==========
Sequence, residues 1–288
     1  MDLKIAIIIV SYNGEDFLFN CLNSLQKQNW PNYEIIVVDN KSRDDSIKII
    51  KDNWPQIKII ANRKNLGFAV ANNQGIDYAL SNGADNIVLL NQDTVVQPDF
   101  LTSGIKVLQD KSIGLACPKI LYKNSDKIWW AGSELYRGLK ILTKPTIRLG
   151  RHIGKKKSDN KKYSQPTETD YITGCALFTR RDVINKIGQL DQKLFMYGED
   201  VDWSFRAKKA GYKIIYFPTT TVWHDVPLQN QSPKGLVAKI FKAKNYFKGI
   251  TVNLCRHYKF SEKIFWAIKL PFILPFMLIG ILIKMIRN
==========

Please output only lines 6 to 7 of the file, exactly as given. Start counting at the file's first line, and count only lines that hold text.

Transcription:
   201  VDWSFRAKKA GYKIIYFPTT TVWHDVPLQN QSPKGLVAKI FKAKNYFKGI
   251  TVNLCRHYKF SEKIFWAIKL PFILPFMLIG ILIKMIRN